Background: Assessment of children treated nonoperatively for idiopathic clubfoot, has primarily focused on the kinematic and kinetic results measured with gait analysis (GA). Excellent results in ankle motion and push-off power during gait have been reported at age 5; however, the assessment of gross motor function, has not been evaluated. The purpose of this study was to look at the relationship between gait measures, Peabody Developmental Motor Scales and parent-perception of their child's outcome [measured with the Pediatric Outcomes Data Collection Instrument (PODCI)]. Methods: A total of 81 children with idiopathic clubfoot were seen for both GA and Peabody testing. Children who initially underwent the Ponseti technique (n=29), the French Physical Therapy method (PT) (n=23), and a group of children initially treated nonoperatively, but who required surgical intervention before GA at 5 years of age (n=29) were enrolled. Pearson's correlation coefficient was used to establish significant relationships between gait variables, Peabody, and PODCI scores. Results: Gait data showed that the Ponseti treated feet had significantly greater ankle power than feet treated surgically (P=0.0075). The Peabody results showed that the PT feet had higher stationary (P=0.0332) and overall gross motor quotient percent (GMQ%) scores (P=0.0092) than the surgical feet. No differences were found in PODCI scores. Ankle power was weakly correlated to the GMQ% (r=0.29; P=0.0102); however, the GMQ% showed a strong correlation to the parent report of Global Functioning Scale on the PODCI (r=0.48; P=0.0005). Conclusions: Minimal gait disturbances do not interfere with function or parental assessment of abilities and satisfaction at 5-year follow-up in children with idiopathic clubfeet. Nonoperative correction of clubfeet should be the goal when possible, as the Peabody scores show better function as early as 5 years of age when surgery is not required. Level of Evidence: Level II-therapeutic.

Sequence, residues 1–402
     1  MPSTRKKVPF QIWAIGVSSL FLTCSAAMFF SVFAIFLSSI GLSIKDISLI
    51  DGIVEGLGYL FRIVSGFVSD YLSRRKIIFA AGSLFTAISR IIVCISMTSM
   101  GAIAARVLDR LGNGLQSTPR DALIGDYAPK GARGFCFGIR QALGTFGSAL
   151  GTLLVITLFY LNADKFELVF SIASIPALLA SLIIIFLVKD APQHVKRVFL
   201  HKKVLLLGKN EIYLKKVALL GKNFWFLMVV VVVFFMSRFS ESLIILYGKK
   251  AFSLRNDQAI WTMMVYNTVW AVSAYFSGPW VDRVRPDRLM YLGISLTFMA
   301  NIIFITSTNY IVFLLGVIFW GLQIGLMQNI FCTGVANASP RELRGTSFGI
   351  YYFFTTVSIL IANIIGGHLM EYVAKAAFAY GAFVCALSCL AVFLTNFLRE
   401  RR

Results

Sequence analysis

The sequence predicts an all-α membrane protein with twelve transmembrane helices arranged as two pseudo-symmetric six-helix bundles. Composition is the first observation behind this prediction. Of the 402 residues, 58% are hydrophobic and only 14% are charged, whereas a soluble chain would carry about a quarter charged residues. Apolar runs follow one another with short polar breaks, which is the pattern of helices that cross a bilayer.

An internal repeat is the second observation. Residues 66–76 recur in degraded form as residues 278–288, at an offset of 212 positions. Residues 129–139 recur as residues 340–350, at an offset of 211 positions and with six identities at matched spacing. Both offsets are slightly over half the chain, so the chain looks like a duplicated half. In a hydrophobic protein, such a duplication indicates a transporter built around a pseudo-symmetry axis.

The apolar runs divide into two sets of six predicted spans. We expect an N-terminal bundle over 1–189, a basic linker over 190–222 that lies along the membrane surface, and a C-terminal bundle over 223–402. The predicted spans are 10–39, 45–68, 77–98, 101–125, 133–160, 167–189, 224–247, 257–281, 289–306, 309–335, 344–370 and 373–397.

- Gait analysis
- Peabody motor scale
ASJC Scopus subject areas
- Pediatrics, Perinatology, and Child Health
- Orthopedics and Sports Medicine